It all begins with a tragedy, when two young pupils discover the lifeless body of their beloved teacher hanging from the classroom ceiling. The event sends shockwaves through the school, leaving both teachers and pupils in a state of mayhem. In comes M. Bachir Lazhar (Fellag); a soft-spoken Algerian immigrant who learned of the news in the local newspaper and offers himself as the replacement teacher.

He promptly charms the somewhat cynical principal Ms. Vaillancourt (Proulx), who at first is a little hesitant to his slightly mystical presence, and soon takes over the 'broken' classroom. The film’s heart also lies with the two students who were unfortunate enough to discover the body. Alice (Nélisse) is a bright-eyed, straight A student, who deals with her own troubles of an absent parent on daily basis. The tender-looking Simon (Néron) suffers a level of guilt for his teacher's demise and is a problematic student as a result.

The task at hand is one of many challenges for M. Lazhar. Nevertheless, with his own personal suffering set aside, its details slowly unravel throughout the film; he takes the kids under his caring wing and slowly starts guiding them to the truth.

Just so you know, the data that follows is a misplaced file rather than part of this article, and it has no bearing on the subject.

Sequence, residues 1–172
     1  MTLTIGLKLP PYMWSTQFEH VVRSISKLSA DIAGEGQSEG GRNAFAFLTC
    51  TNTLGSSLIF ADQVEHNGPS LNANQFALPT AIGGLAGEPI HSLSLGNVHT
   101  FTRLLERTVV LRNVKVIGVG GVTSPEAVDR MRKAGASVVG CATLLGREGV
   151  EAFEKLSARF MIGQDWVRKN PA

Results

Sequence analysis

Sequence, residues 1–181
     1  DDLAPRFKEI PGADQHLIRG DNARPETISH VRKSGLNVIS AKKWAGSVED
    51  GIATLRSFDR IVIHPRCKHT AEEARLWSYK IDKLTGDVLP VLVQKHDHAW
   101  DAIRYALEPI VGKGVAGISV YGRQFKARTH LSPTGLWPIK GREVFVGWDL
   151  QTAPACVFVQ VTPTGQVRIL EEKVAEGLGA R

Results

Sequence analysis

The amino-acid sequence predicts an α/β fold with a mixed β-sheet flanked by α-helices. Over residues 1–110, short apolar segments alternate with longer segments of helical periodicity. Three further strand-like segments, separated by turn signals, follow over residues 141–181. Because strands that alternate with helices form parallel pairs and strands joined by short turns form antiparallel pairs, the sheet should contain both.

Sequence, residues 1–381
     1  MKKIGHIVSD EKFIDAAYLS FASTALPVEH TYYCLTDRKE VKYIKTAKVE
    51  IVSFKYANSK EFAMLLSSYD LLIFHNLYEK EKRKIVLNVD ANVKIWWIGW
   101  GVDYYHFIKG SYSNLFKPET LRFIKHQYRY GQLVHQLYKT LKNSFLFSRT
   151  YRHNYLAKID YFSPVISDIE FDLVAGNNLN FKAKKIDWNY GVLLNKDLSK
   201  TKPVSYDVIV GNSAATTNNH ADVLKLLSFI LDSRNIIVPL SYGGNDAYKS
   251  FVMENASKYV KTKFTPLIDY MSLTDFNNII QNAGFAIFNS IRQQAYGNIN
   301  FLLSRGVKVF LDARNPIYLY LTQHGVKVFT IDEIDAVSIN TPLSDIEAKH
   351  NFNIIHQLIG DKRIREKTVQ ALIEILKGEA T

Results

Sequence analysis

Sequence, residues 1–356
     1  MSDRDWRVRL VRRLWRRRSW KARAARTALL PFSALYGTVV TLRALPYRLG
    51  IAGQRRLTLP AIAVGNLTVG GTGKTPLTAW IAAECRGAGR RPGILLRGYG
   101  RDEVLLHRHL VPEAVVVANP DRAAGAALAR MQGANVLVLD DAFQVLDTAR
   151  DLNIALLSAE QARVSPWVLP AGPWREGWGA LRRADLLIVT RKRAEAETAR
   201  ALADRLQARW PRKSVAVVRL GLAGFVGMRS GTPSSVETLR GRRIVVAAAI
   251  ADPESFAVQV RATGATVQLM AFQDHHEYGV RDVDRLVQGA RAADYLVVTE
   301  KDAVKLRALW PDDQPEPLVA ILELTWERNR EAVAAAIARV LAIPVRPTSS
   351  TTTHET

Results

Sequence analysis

The plot sounds a little dark and gloomy, yet writer-director Philippe Falardeau manages to uplift it in the most submissive fashion. Regrettably, the same cannot be said for some American filmmakers who have attempted to develop a similar approach to their filmmaking; there are no surges of unnecessary emotional outpours and there seems to be a legitimate sense of people filtering their pain through their daily routine. The story is evenly- paced and crisp, much like the cold wintery days of Quebec. Falardeau's directing relies heavily on the gentle still shots of his leading man and it was clear that the actor's beaming grin and sad eyes are the main source of the success that this film endured. The Canadian filmmaker's soft and naturalistic touch to every scene complements the tone of Monsieur Lazhar; giving the film a real edge and a hint of realism.

Fellag's interpretation of M. Lazhar is a delightful surprise. Though slightly old-fashioned in his teaching methods, trying to get to grips on a modernised education system, Lazhar is portrayed as loyal and caring. From beginning to end, we are embraced with his warmth and affection. The same can be said for the outstanding performances by both child actors, Alice and Simon. The level of maturity and the profound strength they bring to their roles is nothing short of mesmerising.

Even though there are a couple of stories left untold and never really get the chance to develop into anything, Monsieur Lazhar succeeds in what it was meant to be; a gentle film with strong impact.